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Singapore is not short on Japanese restaurants, snack shops and cafés. Even local food courts, hawker centres and coffee shops have stalls offering Japanese favourites.
But if you enjoy home-cooked meals and want to try your hand at Japanese cuisine, here is a list of ingredients and equipment you need, what you can create with them, and where to buy them.
Source: Taste Of Home
This is soybean with barley, rice, rye and other grains that is seasoned with salt and fermented into a paste. The longer it is left to age, the darker and more complex the taste of the paste. That is why you will find different types of miso on the shelves. White miso orshironiso is the lightest with the mildest taste. Red miso or aka miso has been aged longer hence the more intense colour and higher salt content. Mixed miso or awase miso is a blend of red and white miso.
You will need miso paste to make the basic miso soup that accompanies many Japanese rice dishes. Because of its high umami quotient, it can be used to make sauces as well to create dishes like miso and ginger fish.
Source: Bon Appetit
This is a sweet Japanese rice wine not unlike sake but sweeter and less potent. It is necessary for making your own teriyaki sauce, katsudon sauce, and glazes for your meat and fish.
This is vinegar made from fermented rice and is more delicate, mild and sweet compared to white distilled vinegar. Rice vinegar is important for making sushi and pickled vegetables that are often served with rice and miso soup.
Source: Just One Cookbook
Dashi is a fish stock that is the base for miso soup and used in the batter of foods like okonomiyaki and takoyaki. You can make dashi from scratch with bonito flakes, dried sardines, dried shrimp, dried scallops, dried shitake mushroom, azuki beans and toasted soybeans. But why bother when you can get a bottle of the stock from supermarkets?
Source: Guangzhou Kangying Foodstuffs Co., Ltd.
Panko is breadcrumbs made only with white bread. Flakier and less fine than regular breadcrumbs, panko is light and airy so it absorbs less oil, making the food crispier. You will need panko to make tonkatsu and korokke.
Source: NYT Cooking
This is a flour that allows you to make a light batter required for tempura. There are many recipes for creating your own tempura batter but using store-bought tempura flour will give you just as satisfying a result.
Source: Japan Centre
The Japanese horseradish is a necessary accompaniment for sushi. Wasabi draws out the flavour of the raw fish in sushi while dulling the smell.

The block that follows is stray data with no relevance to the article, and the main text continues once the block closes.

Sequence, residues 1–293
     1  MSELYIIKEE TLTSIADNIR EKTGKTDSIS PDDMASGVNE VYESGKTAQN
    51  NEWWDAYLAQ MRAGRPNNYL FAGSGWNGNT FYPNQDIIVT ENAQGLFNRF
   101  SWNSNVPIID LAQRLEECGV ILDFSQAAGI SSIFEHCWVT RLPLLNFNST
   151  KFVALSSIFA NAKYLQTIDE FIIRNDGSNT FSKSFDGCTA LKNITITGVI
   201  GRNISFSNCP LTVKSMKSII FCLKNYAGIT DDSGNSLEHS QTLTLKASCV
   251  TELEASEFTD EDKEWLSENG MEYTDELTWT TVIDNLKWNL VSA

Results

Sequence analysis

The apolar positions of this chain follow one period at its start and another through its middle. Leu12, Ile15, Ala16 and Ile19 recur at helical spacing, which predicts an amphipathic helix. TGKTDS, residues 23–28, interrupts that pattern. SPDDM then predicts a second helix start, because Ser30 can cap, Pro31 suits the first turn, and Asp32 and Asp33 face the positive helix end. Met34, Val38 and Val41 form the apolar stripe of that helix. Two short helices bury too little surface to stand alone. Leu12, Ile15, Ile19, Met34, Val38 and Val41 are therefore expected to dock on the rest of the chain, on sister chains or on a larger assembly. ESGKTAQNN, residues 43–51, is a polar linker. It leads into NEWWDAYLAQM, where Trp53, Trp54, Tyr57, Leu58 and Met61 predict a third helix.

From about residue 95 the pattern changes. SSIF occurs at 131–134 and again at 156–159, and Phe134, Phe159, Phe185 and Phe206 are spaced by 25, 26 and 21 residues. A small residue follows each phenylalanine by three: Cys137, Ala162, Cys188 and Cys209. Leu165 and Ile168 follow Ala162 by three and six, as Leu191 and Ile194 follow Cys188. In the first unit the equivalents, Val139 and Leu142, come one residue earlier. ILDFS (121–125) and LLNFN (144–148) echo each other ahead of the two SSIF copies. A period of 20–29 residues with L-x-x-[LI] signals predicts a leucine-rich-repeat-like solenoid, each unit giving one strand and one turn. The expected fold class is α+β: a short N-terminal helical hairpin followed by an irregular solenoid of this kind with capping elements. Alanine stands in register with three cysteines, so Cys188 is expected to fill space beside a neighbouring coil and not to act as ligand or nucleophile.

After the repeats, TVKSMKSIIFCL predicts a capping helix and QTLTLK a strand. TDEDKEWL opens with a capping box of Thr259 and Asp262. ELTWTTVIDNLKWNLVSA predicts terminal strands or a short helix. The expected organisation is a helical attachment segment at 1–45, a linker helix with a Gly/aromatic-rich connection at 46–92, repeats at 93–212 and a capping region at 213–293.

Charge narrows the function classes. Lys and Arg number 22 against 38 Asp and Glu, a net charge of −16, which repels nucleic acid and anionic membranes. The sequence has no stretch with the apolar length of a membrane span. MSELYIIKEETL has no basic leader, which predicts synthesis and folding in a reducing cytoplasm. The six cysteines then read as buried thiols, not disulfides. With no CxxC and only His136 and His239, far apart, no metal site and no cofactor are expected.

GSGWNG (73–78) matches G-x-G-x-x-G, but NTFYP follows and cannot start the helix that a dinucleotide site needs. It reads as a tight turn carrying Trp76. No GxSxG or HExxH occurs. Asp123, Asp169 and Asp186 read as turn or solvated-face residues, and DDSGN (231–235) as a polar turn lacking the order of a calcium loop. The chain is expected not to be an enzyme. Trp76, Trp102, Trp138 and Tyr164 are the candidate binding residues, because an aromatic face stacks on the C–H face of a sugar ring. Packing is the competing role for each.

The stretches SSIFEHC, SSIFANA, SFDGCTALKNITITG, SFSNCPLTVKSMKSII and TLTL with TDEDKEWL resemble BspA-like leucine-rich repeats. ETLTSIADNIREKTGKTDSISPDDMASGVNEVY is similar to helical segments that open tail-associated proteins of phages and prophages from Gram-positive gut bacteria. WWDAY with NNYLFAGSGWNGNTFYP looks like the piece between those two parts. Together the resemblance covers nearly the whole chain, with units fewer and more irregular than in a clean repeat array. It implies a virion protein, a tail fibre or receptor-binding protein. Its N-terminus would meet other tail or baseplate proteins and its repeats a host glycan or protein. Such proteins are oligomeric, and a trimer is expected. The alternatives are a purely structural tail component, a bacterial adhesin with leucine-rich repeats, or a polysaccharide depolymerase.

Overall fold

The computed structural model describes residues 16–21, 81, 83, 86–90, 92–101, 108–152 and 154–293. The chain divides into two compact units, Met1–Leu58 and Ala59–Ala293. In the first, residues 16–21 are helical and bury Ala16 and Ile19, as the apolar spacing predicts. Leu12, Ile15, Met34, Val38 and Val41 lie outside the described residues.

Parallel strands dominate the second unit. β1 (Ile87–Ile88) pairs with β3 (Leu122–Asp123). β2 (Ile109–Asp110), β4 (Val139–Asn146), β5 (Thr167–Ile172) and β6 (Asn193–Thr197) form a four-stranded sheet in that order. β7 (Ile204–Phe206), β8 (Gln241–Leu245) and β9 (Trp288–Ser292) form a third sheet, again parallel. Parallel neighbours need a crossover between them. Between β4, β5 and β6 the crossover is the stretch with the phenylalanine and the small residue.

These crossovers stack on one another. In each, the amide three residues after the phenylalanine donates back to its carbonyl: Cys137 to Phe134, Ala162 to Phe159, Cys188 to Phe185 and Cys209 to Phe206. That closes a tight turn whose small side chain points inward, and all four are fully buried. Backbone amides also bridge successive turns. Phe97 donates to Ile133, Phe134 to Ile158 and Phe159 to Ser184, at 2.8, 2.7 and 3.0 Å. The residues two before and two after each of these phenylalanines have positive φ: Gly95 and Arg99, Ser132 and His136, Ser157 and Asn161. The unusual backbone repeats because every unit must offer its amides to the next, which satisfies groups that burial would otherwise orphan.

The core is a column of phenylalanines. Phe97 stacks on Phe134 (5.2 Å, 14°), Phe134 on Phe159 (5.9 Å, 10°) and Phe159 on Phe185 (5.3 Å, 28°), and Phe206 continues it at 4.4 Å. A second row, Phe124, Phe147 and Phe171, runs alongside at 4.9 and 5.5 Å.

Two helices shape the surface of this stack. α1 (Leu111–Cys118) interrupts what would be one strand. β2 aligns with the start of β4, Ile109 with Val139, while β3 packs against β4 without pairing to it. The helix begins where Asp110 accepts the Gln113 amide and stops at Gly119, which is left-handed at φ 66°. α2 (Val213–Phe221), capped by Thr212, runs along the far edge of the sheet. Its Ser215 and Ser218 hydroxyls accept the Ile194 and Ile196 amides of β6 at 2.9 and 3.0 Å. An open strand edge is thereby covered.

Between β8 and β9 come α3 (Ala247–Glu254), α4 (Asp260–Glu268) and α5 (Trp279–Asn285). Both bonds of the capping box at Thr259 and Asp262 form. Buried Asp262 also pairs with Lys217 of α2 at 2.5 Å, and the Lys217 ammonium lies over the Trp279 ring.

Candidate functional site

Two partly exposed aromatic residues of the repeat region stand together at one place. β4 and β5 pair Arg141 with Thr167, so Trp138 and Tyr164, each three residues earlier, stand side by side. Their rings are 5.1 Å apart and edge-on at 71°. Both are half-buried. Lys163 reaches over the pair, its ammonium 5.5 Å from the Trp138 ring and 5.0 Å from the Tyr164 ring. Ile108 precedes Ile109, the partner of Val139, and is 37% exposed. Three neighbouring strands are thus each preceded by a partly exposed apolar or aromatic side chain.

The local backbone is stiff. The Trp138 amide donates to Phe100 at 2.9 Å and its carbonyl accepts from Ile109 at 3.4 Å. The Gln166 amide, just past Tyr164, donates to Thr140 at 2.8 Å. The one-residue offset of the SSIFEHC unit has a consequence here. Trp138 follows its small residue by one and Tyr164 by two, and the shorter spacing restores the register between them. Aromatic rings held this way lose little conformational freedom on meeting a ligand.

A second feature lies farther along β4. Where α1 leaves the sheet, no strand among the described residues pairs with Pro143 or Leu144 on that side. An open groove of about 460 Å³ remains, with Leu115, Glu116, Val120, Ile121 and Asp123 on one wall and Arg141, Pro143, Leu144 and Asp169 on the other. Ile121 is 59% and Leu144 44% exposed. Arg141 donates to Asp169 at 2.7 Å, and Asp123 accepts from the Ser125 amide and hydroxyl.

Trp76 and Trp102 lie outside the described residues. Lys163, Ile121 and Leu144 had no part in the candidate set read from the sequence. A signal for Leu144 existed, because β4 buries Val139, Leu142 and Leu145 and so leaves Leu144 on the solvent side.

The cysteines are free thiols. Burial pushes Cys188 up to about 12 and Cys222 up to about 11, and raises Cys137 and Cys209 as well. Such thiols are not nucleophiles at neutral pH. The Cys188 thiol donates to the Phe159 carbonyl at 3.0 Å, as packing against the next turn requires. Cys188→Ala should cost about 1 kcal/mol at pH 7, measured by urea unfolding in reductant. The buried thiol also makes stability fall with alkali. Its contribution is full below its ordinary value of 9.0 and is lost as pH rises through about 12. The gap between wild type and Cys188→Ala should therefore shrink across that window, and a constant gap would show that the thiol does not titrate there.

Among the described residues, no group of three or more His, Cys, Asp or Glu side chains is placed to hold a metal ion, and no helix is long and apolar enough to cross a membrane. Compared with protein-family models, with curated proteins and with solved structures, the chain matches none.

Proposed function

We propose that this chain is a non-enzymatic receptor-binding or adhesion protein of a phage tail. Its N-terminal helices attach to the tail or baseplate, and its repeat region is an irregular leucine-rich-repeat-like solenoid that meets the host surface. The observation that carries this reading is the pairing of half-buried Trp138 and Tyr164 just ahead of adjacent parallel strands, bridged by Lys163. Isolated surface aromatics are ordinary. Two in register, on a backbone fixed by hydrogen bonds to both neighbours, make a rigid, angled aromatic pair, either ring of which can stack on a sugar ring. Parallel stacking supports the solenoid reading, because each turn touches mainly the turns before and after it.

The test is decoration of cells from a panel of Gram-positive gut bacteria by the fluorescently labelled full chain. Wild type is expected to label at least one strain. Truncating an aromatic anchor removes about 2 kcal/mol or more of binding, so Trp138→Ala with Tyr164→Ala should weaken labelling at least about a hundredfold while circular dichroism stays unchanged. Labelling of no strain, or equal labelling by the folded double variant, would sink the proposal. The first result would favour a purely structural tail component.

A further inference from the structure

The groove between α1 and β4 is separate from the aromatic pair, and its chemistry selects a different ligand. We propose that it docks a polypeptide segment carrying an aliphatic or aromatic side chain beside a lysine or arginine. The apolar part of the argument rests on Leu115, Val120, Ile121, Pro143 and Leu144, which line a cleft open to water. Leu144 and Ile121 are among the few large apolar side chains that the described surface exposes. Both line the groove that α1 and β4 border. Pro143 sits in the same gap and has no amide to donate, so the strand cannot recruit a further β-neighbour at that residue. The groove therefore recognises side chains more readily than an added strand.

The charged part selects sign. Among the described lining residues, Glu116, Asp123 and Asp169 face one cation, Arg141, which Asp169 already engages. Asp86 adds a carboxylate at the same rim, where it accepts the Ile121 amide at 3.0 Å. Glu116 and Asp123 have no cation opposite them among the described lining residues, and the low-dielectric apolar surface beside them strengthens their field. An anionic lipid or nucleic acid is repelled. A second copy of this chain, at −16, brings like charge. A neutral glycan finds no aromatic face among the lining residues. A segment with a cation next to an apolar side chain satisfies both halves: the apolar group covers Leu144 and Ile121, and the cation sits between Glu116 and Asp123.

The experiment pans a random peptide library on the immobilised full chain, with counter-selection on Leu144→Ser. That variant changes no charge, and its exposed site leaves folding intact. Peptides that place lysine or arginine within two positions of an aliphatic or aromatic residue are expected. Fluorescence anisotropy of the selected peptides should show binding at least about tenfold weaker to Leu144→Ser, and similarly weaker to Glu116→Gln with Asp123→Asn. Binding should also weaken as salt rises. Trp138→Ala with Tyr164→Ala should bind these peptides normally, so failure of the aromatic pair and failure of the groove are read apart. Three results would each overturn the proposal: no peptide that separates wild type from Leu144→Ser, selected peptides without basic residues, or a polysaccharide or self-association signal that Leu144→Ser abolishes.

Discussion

This is dried kelp that is used in Japanese soups and salads. Miso soup requires kombu as does tsukudani which is akombu salad with sugar and soy sauce. The strong, sweet flavour oftsukudani makes it the perfect partner for hot steamed rice. Kombu can be used to fill your onigiri as well.
Source: Savvy Tokyo
You will need a variety of these to create Japanese food at home. Roasted seaweed sheets are used to make sushi. Shredded seaweed or kizami nori is used to garnish rice bowls and noodle dishes.
Source: Japan Centre
Sometimes labelled sushi rice or uruchimai, this is a short-grain rice that, when cooked, is sticky and can be easily picked up in clumps. It is the only type of rice that can be used to make sushi because any other types will not stick together and, thus, cannot be shaped.
Source: Trip Advisor
Soba , udon and ramen – you will need an assortment of these to create yakisoba, udon and ramen dishes. You can buy both the fresh and instant varieties at supermarkets.
Source: Trip Advisor
Bonito flakes are dried bonito fish that is grated into flakes. They are sprinkled on top of takoyaki, okonomiyaki, yakisoba, and cold tofu to give an added texture and flavour to the dish.
This is a bamboo basket that is used for mixing and cooling sushi rice. Shallow with a flat bottom, it is made of a Japanese cypress called hinoki. The wood is meant to absorb the excess moisture from the rice while the wide surface lets the rice cool easily so it can be handled and shaped.
This is the bamboo mat that is woven and held together by cotton strings, and used to roll a type of sushi called makizushi. You can use it to shape other soft foods like omelettes as well.
Source: Everything Chopsticks
This is necessary for scooping the rice mixed with rice vinegar for making sushi. Being made of wood, it will not react with the vinegar and affect the taste of the sushi.
Source: Matcha Source
This is a whisk carved from a single piece of bamboo. Called a chasen, it is designed to aggravate the fine matcha powder to release the flavour and create a frothy suspension. Matcha aficionados swear by it. If you use metal spoons or whisks, you will find that the matcha tends to clump together on the utensil.
Local supermarkets like NTUC FairPrice, Giant and Cold Storage have dedicated aisles for Japanese ingredients. Then, there are specialty Japanese supermarkets like Meidi-Ya,Kuriya Japanese Market, Iroha Mart, ShiokJapan, Sakuraya Fish Mart and grocery store J-mart where you stock up on Japanese ingredients.
With the addition of Don Don Donki and Daiso, apart from ingredients, you can also get Japanese cookware. So, creating Japanese cuisine you can enjoy in the comforts of your own home will be a breeze.